The birth of fireworks can be traced back to China during the Song dynasty (960-1279), but there is evidence that primitive Chinese firecrackers date back even further to the Han dynasty (206 BC-220 AD) when people threw bamboo stems into a fire to produce an explosion with a loud sound.
It was during the Song dynasty, however, that people manufactured the first firecrackers comprising of tubes made from rolled sheets of paper containing gunpowder and a fuse. Coloured fireworks were developed through the application of chemical substances to create coloured smoke and fire, and in China pyrotechnicians were respected for their knowledge of complex techniques to produce firework displays.
The first documented use of fireworks in the UK was at the start of the Tudor period. At the wedding of Henry VII and Elizabeth of York, England’s first firework display was used to celebrate the union of the long-sparring Yorkist and Lancastrian families, bringing peace after years of dynastic war.
It wasn’t until the reign of Queen Elizabeth I that the popularity of fireworks really skyrocketed. The Queen enjoyed them so much that she appointed an official ‘Fire Master of England’. As the most respected fireworks-maker in England, he took charge of all royal displays.
The use of pyrotechnic special effects was popular in Shakespeare’s time, with mentions of fireworks in a number of his plays. These effects experimented by the Lord Chamberlain’s Men would eventually burn down the first Globe Theatre in 1613, when a burning piece of wadding in a small cannon set fire to the thatched roof.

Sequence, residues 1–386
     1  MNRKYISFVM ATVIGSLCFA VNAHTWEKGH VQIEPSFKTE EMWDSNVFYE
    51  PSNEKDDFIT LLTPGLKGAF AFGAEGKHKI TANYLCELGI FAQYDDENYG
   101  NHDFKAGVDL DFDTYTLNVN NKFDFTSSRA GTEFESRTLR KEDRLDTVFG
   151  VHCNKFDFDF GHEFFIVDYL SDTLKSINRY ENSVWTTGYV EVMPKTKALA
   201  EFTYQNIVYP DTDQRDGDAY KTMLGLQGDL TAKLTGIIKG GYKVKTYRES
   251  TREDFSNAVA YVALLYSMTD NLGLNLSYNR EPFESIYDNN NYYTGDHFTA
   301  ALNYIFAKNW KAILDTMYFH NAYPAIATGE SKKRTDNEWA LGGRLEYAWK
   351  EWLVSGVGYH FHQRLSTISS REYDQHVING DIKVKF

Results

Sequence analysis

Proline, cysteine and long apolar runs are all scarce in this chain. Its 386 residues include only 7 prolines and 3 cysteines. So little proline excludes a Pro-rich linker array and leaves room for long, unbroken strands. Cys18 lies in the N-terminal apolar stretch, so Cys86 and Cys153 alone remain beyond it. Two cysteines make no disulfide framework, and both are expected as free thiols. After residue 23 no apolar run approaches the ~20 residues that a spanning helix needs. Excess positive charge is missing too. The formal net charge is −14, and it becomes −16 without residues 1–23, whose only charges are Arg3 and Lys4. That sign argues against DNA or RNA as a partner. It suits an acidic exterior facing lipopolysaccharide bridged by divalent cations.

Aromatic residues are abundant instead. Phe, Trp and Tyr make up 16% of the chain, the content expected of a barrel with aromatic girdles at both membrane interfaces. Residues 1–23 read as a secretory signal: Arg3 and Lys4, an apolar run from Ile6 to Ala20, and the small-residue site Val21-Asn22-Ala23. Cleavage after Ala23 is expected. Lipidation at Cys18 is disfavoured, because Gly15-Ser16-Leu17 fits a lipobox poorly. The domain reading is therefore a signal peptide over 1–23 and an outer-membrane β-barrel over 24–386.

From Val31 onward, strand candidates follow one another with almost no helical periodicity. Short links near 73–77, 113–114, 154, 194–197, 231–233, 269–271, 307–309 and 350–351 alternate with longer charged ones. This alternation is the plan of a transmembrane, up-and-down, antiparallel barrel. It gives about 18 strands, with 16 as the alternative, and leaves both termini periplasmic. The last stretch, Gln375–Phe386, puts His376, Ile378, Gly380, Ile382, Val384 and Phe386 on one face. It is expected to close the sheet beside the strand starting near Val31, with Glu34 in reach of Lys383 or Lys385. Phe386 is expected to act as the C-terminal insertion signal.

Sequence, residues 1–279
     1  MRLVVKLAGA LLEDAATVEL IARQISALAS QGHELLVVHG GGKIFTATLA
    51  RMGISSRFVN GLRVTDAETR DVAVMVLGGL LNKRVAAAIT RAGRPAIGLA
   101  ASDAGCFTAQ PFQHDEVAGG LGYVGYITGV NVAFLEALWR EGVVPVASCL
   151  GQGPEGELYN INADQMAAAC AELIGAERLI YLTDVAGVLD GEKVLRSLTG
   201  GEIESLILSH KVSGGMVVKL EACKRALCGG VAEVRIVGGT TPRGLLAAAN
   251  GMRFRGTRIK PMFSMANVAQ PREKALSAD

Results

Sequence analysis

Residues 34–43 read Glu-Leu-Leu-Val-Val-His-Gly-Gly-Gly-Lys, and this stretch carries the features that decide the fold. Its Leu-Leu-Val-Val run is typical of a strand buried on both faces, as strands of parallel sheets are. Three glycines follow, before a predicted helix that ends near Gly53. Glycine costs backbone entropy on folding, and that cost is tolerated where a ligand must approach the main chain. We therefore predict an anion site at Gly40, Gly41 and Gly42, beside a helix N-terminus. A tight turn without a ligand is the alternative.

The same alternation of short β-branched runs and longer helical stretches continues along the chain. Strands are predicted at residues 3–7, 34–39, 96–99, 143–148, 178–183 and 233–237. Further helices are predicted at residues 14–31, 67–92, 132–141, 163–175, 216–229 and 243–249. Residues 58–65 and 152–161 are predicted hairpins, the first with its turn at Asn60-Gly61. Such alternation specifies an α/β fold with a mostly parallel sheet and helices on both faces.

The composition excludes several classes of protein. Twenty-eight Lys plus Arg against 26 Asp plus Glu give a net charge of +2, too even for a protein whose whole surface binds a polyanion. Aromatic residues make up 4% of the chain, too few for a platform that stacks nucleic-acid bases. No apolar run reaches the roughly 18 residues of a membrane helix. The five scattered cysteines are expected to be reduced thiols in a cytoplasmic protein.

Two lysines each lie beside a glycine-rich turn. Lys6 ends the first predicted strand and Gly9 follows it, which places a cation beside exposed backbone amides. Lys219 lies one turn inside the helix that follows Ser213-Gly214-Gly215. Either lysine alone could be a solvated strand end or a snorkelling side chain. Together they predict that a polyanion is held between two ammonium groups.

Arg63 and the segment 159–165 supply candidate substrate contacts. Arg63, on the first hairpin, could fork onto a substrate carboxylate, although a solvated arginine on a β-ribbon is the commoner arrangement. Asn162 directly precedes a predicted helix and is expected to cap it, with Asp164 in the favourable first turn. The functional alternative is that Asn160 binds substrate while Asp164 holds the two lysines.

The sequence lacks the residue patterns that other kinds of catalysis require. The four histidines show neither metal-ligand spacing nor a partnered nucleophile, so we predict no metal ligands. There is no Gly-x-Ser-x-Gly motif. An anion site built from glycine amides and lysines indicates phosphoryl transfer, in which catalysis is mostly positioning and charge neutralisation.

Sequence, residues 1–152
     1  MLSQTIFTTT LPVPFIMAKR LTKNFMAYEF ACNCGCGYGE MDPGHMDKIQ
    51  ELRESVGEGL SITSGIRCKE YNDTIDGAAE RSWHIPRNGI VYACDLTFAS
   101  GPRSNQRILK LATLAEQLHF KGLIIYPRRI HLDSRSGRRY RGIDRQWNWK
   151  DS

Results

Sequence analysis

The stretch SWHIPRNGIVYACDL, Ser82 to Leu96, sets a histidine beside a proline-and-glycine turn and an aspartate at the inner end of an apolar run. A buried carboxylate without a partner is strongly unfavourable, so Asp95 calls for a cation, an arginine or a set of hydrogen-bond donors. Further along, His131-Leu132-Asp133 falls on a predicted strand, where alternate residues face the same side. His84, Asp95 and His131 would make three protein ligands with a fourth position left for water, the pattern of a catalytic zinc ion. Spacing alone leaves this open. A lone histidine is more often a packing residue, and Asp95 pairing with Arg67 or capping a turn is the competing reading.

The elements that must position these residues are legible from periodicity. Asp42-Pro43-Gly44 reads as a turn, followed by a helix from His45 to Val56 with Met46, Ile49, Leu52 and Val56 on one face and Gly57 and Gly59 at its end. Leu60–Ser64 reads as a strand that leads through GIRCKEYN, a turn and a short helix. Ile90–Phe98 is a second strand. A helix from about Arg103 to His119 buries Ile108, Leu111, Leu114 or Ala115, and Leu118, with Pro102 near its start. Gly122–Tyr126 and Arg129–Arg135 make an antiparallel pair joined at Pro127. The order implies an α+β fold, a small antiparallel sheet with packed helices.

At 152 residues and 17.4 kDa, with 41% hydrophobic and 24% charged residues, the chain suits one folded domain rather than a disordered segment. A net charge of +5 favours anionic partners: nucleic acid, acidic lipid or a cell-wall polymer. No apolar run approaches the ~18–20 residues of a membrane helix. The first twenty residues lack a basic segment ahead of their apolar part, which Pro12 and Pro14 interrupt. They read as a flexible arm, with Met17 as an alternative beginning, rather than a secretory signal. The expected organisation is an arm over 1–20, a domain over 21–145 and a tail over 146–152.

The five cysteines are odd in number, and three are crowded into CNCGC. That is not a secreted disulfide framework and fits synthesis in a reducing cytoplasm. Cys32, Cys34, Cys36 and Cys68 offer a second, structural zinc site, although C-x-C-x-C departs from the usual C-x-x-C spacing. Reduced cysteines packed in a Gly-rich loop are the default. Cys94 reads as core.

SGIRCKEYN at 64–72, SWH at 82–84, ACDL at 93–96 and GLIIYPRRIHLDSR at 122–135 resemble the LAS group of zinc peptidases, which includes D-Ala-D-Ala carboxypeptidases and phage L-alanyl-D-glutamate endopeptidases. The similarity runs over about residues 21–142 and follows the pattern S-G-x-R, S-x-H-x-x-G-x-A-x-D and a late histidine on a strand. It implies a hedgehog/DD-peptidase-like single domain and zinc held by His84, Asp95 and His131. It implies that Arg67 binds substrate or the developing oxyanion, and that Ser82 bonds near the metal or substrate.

Many fireworks displays in modern times have rockets firing off in time with music, but it’s actually the Georgians we have to thank for the concept. It was George II who commissioned the era’s greatest composer, George Frideric Handel, to create a piece to accompany the fireworks celebrating the end of the War of the Austrian Succession in 1749.
According to Guinness World Records the biggest ever fireworks display was achieved by Iglesia Ni Cristo (Church of Christ) in the Philippines, who welcomed 2016 in with a display that lasted for 1 hour, 1 minute and 32.35 seconds. Although this was the biggest display, The Walt Disney Company is said to be the largest consumer of fireworks in the world, with an estimated $50 million spend a year on their displays.